Members of the Republican Sinn Fein party voted overwhelmingly on Sunday to begin co-operating with the Northern Ireland police.
The vote, by hundreds of party members at aconference in Dublin, formally abandons Sinn Fein's decades-old hostility to legal law and order in the British territory.
The result was confirmed by a sea of raised hands, but no formally recorded vote.
British Prime Minister Tony Blair said the result increases the chances of reviving a Catholic-Protestant administration, the long-elusive goal of the 1998 Good Friday peace pact, by Britain's deadline of March 26.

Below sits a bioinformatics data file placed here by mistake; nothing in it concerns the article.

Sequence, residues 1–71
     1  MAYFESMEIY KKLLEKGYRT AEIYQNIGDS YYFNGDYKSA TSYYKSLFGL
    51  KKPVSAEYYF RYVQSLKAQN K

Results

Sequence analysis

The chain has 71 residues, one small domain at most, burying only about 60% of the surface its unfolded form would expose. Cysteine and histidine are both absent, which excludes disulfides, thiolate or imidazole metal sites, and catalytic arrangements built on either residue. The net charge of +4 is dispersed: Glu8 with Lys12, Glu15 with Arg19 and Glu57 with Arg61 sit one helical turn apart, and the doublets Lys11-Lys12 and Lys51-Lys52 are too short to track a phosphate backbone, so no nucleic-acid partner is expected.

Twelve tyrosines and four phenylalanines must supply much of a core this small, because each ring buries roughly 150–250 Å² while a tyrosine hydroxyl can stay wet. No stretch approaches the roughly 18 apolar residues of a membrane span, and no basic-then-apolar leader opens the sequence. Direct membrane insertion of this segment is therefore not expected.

"We will determine whether we have a basis for the future of Northern Ireland that allows us both to have power-sharing between Unionists and Republicans … and have a situation where everybody in Northern Ireland supports and supports properly the police, the courts and the criminal justice system."
The vote is considered a triumph for Sinn Fein president Gerry Adams.
The former Irish Republican Army commander has spent 24 years edging his party away from violence and toward compromise.
Sinn Fein is the political wing of the Irish Republican Army, which often targeted police during itsarmed campaign against British rule.
Adams called Sunday's decision "historic" andpraised members for a move he said would give the party greater political strength.
"Today you have created the potential to change the political landscape on this island forever," Adams told the conference.